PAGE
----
After viewing the video of Professor Brene Brown's presentation on "The Power of Vulnerability," http://www.ted.com/talks/brene_brown_on_vulnerability.html 1. Of the many concepts discussed,...
After viewing the video of Professor Brene Brown's presentation on "The Power of Vulnerability,"
1. Of the many concepts discussed, which two or three made you really think (or feel)… really gave you that “ah ha” moment? For each, explain why: Were they new to you? Or did they hit something close to a personal experience of yours? Or was it the connections or applications among them that gave you pause? Or were they ridiculously wrong?
2. Now think about the connections among these likely personal concepts and reflect upon their applications to the more public arena of leadership. Does awareness and cultivation of these attributes impact one’s (i.e., your) ability to lead? (It is ok to say, “no, this is a lot of mumbo jumbo,” as long as you support your view). Provide an example where one of the various concepts presented impacted an experience of yours in either a positive or negative manner.
Brene Brown’s presentation on “The Power of Vulnerability” is a reiteration of earlier theories of human association that emphasize the importance of openness to the formation of strong personal relationships. Brown stresses the importance of human connections to our own physical and mental well-being, and the importance of allowing one’s vulnerabilities to be visible as the key element in developing those connections. No man, she is arguing, is an island unto himself. We all need human contact, and the quality of that contact can be as high as we need it to be only when we are willing to expose our most personal sense of inadequacy – in short, to be open about that which we feel embarrassed or ashamed, whether it is a visible physical characteristic, or a deeply-hidden feeling of shame regarding a hidden physical or emotional characteristic or about past actions or thoughts that, exposed to the light of day, might diminish our stature in the eyes of others. Again, Brown is not breaking new ground when she suggests that personal relationships born of hidden feelings of jealously, embarrassment, or resentment would provide a very fragile foundation upon which to build human connections. While her underlying thesis is hardly novel – books like Brad Blanton’s Radical Honesty have tread the same territory – the impact of her presentation does not suffer from its lack of originality. Only through openness and honesty can meaningful relationships be constructed and sustained.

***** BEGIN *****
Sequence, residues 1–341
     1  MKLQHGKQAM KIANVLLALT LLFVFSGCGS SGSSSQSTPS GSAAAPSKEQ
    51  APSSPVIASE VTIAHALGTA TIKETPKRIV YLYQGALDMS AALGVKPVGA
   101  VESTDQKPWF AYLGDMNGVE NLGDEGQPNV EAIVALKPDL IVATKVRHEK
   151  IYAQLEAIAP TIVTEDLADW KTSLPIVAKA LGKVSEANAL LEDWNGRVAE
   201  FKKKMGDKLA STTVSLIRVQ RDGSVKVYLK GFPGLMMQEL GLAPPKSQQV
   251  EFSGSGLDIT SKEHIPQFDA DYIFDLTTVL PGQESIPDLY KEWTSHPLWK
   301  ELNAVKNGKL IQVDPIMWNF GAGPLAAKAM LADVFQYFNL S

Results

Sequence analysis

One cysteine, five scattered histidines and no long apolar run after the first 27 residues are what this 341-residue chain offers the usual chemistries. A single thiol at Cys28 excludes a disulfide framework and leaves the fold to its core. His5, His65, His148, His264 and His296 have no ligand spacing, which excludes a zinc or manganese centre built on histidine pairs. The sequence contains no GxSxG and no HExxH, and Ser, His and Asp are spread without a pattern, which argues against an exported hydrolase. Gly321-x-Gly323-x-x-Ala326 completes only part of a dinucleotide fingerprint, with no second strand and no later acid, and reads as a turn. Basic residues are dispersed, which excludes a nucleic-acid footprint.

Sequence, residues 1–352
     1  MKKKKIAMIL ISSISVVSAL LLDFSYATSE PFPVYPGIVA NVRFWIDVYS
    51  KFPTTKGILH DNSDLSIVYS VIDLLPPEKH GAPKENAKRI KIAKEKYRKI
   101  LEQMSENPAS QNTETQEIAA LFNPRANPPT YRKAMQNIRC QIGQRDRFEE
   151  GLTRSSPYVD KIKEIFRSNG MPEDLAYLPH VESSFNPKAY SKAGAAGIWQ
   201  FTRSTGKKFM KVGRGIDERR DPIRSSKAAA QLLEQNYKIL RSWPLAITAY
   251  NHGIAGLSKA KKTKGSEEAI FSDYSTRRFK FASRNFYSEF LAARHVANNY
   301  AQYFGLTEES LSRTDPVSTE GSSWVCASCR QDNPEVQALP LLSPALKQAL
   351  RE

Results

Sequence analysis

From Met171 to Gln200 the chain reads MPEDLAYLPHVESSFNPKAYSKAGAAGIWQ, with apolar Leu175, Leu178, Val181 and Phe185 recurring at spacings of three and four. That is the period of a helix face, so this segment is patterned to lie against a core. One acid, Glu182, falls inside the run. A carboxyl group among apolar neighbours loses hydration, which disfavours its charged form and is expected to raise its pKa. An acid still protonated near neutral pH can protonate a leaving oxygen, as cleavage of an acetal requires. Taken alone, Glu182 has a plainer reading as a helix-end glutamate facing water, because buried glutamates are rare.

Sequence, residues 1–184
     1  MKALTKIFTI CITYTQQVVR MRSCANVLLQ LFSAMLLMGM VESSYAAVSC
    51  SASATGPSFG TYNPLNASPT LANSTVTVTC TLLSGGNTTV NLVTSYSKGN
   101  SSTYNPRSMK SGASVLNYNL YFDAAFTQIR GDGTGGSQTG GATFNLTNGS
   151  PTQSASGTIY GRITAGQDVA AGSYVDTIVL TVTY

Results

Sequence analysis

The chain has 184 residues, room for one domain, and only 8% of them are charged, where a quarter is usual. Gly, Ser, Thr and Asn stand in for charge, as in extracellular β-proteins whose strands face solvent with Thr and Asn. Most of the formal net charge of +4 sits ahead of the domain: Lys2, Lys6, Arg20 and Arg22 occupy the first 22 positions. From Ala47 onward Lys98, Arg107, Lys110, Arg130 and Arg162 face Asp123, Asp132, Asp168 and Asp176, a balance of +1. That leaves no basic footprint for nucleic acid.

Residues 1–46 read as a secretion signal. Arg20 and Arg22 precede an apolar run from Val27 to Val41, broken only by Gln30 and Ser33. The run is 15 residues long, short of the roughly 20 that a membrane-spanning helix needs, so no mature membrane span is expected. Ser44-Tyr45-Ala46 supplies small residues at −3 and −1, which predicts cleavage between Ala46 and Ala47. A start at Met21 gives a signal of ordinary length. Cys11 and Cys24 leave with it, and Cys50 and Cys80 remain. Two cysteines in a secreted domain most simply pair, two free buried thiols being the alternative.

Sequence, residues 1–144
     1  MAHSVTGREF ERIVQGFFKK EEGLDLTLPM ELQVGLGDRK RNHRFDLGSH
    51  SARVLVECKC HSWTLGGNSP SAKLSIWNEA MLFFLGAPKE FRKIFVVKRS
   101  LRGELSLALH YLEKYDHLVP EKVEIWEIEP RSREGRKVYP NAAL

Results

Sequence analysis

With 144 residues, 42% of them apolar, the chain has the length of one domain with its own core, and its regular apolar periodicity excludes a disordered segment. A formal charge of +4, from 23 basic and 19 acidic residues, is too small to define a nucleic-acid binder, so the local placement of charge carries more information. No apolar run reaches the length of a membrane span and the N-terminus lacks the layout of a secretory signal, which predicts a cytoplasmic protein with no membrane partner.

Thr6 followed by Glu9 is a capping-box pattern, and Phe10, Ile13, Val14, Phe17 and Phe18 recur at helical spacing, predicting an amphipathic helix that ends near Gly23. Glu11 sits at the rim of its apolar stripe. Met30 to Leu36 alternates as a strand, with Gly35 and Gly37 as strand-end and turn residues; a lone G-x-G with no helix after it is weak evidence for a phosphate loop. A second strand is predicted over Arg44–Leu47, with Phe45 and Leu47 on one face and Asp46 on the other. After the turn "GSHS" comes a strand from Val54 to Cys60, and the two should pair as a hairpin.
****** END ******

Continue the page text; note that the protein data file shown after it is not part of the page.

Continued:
How one answers questions regarding lessons learned from Dr. Brown’s presentation is dependent upon the individual student. Everybody’s experiences are different, and everybody’s upbringing is unique to each individual. Obviously, answering these questions requires the very willingness to expose one’s vulnerabilities that are at the core of the presentation. Unless one has led the perfect existence – and such perfection in the realm of human development is nonexistent – then each student should be capable of relating personally to the points Dr. Brown makes, particularly with regard to feelings of inadequacy or shame the concealment of which has influenced relationships. Feelings of intellectual inferiority or physical inadequacy can influence an individual’s entire life, from personal and professional ambitions unrecognized to relationships undermined by the emotional burden of concealing feelings. The sense of one’s value as a human being directly impacts the course one’s life takes.
The “real world,” of course, does not always allow for the prescriptions for happiness set forth in the presentation. It is unrealistic to assume that one can walk into a job interview, especially in management, and expect success through a complete purging of one’s soul. Similarly, many professions, law and medicine to name two, do not allow for the kind of intimacy among colleagues that “The Power of Vulnerability” suggests. Displays of “weakness” are not considered an attribute in much of the professional world. One’s high school football coach probably doesn’t want to hear about a prospective player’s emotional wounds; he is more likely to remain focused solely on the student’s ability to read a zone blitz. That is the unfortunate reality in which most of us live. Such experiences, though, are not the stuff from which the relationships that will last well-beyond the high school years are forged.